Two more homes have been added to the demolition list.
The Board of Health issued orders of demolition for 33 Circular Avenue and 217 Robbins Avenue. The two adds to a list of homes the city demolishes because of unsafe conditions.
Thelma Towne says one of her 87-year-old mother's few joys in life is to feed a few stray cats in the neighborhood.
But, that came to a crashing halt on March 22 when Nuisance Control Officer Stephanie Provencher paid a visit to the Brown Street home. An anonymous complaint had been phoned into the Health Department that morning saying the food for the stray cats were starting to attract rats.
In just the last few weeks there has been a 44 percent increase in flu symptoms.
Public health nurse Kayla Donnelly-Winters said this year there have been 32 total cases of influenza confirmed in Pittsfield since Oct. 1. That is compared to just 15 in the same period of time last year. But the numbers had jumped in the last few weeks.
The Board of Health is considering its options to reduce the spread of tick-borne diseases.
The Health Department has been noticing a steady increase in tick-borne illnesses recently and is now wondering what options it has to help control it.
Code Enforcement Officer Thomas Romaniak told the Board of Health on Wednesday that the business storing the full dumpsters on the 115 Howland Ave. property has moved most of them to a different location it also leases.
Building, fire, and health officials have shut down an Elm Street retailer because the building had fallen into disrepair.
On Aug. 28, Building Inspectors deemed 155 Elm Street "hazardous to life and limb" and restricted public access to it. The ceiling had collapsed on one half of the structure, and inspectors say there was significant water damage. A Board of Survey tour in early October upheld the building inspector's determination, and the Health Department followed up by suspending the o
The Board of Health will inspect reported debris left at the former Curtis Paper Mill.
The board heard last week from resident and Northern Berkshire Solid Waste Management District Program Coordinator Linda Cernik, who had concerns over the growing amount debris at the Howland Avenue mill.
Board of Health Chairman Jay Green sees proposed changes to the city's trash collection system as a way to fight blight.
An internal working group has been working on the details of moving to an automated toter system for trash collection all summer. The plan is to provide city-issued totes - a 35-gallon one for trash and a 95-gallon one for recycling - to residents. Those totes will allow for Republic Services, the company who contracts with the city to collect the rubbish, to use trucks wit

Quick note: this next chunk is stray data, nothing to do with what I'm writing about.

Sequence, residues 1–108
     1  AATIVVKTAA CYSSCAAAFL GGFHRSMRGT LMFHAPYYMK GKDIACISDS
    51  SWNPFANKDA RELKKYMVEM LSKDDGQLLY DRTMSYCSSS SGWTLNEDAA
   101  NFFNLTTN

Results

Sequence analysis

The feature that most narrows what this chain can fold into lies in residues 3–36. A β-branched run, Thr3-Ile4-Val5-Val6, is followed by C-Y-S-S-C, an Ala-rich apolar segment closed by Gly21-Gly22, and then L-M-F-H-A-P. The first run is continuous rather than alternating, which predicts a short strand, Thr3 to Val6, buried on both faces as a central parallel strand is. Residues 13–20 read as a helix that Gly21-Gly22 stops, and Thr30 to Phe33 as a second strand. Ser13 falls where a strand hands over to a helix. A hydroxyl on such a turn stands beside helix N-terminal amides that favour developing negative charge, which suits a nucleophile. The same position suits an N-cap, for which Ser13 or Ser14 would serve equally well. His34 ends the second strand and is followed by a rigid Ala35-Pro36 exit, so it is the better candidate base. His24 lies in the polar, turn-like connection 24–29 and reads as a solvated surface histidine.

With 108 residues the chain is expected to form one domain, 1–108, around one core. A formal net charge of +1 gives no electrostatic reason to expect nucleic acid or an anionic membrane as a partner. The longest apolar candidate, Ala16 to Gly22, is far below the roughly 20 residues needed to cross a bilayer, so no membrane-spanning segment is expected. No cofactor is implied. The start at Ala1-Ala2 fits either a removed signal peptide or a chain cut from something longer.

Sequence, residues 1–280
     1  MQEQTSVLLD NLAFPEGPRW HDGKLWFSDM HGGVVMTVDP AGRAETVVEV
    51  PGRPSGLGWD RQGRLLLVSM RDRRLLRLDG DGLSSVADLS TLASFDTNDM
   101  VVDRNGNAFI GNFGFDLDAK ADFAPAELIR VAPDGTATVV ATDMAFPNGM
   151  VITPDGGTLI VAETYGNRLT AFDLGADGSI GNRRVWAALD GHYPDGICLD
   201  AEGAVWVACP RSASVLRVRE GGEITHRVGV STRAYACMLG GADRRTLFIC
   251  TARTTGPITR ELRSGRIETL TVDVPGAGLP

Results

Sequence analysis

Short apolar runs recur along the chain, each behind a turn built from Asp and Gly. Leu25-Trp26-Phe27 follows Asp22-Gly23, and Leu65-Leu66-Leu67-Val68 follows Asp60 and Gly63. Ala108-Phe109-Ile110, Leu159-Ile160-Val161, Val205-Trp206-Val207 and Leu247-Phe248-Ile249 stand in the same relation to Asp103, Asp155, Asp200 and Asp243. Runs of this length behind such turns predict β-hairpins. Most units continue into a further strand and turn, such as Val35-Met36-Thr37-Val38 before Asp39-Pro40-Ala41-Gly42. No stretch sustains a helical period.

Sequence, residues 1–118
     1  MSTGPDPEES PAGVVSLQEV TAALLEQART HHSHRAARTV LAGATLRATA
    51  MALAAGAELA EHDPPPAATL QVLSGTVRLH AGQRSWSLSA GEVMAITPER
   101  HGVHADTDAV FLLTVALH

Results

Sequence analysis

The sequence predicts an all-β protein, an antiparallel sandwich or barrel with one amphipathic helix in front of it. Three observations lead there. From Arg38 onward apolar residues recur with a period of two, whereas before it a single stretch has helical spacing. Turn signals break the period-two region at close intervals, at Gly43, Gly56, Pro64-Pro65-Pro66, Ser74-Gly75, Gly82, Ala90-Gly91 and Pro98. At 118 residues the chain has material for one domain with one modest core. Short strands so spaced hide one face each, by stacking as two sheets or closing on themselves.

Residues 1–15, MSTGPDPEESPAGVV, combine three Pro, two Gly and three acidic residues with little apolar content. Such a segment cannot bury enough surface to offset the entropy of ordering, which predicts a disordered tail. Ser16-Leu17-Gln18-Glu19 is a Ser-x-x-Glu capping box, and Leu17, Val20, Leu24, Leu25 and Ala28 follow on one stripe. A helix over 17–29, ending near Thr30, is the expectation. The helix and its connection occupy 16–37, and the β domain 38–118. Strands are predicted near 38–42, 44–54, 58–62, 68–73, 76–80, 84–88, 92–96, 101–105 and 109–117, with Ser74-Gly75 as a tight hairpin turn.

It has been 11 months since one of the biggest fires the city has seen in decades. The sky was lit up for miles. Fire companies from all over the county descended on the scene to douse the flames towering high from the former J.B. Paper warehouse.
And today, the remains of that night are still piled high. In 11 months, there has been little to no progress toward cleaning up the mess left behind and the cause of the fire remains unknown.
Recently, the Board of Health was asked to ease the compliance standards. Currently, every three years a store clerk has to become certified, at a cost of $25, through watching 45 minutes worth of videos and taking an exam.
Chairman Jay Green said the program is working and results show that, so he'd be hard pressed to advocate to loosen the restrictions.
A Grove Street resident came to the board Wednesday with a bag full of shredded blue tarp that she dug out of her yard. She said the tarps on the roof of the old mill are shredded by the wind and litter the entire neighborhood.
Last year was the "season that never was" when it came to mosquito control.
But, this year Berkshire County Mosquito Control Project Superintendent Christopher Horton is back at it with approval for the 2017 plan from the Board of Health.
David Bertolozzi has managed a gas station and convenience store for 27 years and hasn't been cited for a tobacco violation.
But yet, every three years he has to pay the Tri-Town Health Department $25 to watch a lengthy video, which features information such as the anatomy of a cigarette, to be certified. All clerks are required to take the certification exam every three years.
The Board of Health says it will address dust issues at Pinnacle Park caused by Duke's Sand and Gravel.
Code Enforcement Officer Thomas Romaniak told the board on Wednesday that residents of the mobile home park have made multiple complaints about dust from the gravel pit.
It took seven months to make the decision but on Wednesday the Board of Health approved a needle exchange program.
The board approved the letter authorizing the state Department of Health to pursue a vendor for such a program. The state will now take over the process of funding, issuing a request for proposal, and ultimately opening a site. The issue had been before the board since August, neared a vote in December, and then was pushed until March.